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Ann Fam Med. 2009 Jul-Aug;7(4):357-63. doi: 10.1370/afm.983.

Defining comorbidity: implications for understanding health and health services.

Author information

  • 1National Institute for Health Research School for Primary Care Research, The University of Manchester, Manchester, United Kingdom. jose.valderas@manchester.ac.uk

Abstract

Comorbidity is associated with worse health outcomes, more complex clinical management, and increased health care costs. There is no agreement, however, on the meaning of the term, and related constructs, such as multimorbidity, morbidity burden, and patient complexity, are not well conceptualized. In this article, we review definitions of comorbidity and their relationship to related constructs. We show that the value of a given construct lies in its ability to explain a particular phenomenon of interest within the domains of (1) clinical care, (2) epidemiology, or (3) health services planning and financing. Mechanisms that may underlie the coexistence of 2 or more conditions in a patient (direct causation, associated risk factors, heterogeneity, independence) are examined, and the implications for clinical care considered. We conclude that the more precise use of constructs, as proposed in this article, would lead to improved research into the phenomenon of ill health in clinical care, epidemiology, and health services.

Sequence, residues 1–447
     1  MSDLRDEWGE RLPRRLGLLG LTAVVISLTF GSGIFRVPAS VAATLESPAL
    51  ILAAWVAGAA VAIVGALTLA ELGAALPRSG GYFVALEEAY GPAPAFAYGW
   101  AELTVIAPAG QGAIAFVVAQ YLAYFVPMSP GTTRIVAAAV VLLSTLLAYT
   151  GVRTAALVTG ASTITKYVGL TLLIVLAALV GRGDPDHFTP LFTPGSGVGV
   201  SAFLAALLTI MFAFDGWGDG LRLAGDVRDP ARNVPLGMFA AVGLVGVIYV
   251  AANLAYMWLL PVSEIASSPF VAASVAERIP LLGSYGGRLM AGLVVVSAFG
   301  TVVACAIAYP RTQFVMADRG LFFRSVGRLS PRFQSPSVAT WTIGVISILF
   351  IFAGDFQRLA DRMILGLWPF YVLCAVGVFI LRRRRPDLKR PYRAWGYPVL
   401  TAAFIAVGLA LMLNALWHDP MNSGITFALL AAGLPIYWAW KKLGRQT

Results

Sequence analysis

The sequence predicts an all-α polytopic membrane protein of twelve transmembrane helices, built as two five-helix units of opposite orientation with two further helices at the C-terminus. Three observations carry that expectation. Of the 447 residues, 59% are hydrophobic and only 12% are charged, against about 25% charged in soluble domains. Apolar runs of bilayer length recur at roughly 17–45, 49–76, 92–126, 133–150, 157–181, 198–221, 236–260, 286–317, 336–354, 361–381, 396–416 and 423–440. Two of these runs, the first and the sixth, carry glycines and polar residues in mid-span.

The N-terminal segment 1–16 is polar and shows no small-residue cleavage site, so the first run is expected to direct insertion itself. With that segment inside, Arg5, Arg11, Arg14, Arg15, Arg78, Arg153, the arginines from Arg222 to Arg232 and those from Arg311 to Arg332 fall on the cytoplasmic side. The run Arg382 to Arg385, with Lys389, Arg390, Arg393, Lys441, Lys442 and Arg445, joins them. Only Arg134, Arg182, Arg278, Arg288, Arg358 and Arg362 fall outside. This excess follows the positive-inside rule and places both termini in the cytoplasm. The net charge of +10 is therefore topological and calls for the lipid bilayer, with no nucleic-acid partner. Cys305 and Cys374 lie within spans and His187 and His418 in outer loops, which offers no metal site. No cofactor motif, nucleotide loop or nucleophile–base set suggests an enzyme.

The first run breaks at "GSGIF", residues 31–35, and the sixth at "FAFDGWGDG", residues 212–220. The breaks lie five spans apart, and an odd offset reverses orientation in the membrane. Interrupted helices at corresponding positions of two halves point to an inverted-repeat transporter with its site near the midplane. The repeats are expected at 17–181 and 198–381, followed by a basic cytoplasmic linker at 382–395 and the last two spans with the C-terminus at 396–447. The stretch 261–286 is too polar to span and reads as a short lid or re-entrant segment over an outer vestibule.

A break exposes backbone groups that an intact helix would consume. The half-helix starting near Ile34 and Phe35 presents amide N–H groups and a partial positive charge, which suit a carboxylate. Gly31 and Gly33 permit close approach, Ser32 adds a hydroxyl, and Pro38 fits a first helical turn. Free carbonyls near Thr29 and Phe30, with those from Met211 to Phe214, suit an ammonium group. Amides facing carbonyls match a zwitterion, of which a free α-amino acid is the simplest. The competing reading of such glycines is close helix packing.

PMID:
19597174
[PubMed - indexed for MEDLINE]
PMCID:
PMC2713155
Free PMC Article

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